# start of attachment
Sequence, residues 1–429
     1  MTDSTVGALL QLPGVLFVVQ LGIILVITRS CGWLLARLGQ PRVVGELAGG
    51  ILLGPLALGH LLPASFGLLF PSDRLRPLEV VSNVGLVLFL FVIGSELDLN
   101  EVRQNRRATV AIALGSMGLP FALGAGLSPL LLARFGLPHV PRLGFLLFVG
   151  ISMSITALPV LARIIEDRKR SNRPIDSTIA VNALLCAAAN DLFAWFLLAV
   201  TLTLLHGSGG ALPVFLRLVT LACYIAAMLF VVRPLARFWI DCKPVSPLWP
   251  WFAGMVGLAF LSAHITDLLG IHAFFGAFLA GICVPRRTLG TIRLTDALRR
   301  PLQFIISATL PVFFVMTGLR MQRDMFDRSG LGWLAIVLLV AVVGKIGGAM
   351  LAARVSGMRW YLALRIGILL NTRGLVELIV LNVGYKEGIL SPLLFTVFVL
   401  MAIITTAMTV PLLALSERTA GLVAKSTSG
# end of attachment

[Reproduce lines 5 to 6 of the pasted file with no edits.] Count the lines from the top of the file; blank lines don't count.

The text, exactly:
   151  ISMSITALPV LARIIEDRKR SNRPIDSTIA VNALLCAAAN DLFAWFLLAV
   201  TLTLLHGSGG ALPVFLRLVT LACYIAAMLF VVRPLARFWI DCKPVSPLWP